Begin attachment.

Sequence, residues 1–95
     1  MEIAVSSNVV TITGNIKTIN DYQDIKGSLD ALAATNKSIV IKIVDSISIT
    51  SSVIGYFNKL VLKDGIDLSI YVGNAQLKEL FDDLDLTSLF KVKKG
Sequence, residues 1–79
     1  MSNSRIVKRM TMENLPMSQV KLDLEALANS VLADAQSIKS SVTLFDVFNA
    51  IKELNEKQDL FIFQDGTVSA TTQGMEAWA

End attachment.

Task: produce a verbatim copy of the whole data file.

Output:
Sequence, residues 1–95
     1  MEIAVSSNVV TITGNIKTIN DYQDIKGSLD ALAATNKSIV IKIVDSISIT
    51  SSVIGYFNKL VLKDGIDLSI YVGNAQLKEL FDDLDLTSLF KVKKG
Sequence, residues 1–79
     1  MSNSRIVKRM TMENLPMSQV KLDLEALANS VLADAQSIKS SVTLFDVFNA
    51  IKELNEKQDL FIFQDGTVSA TTQGMEAWA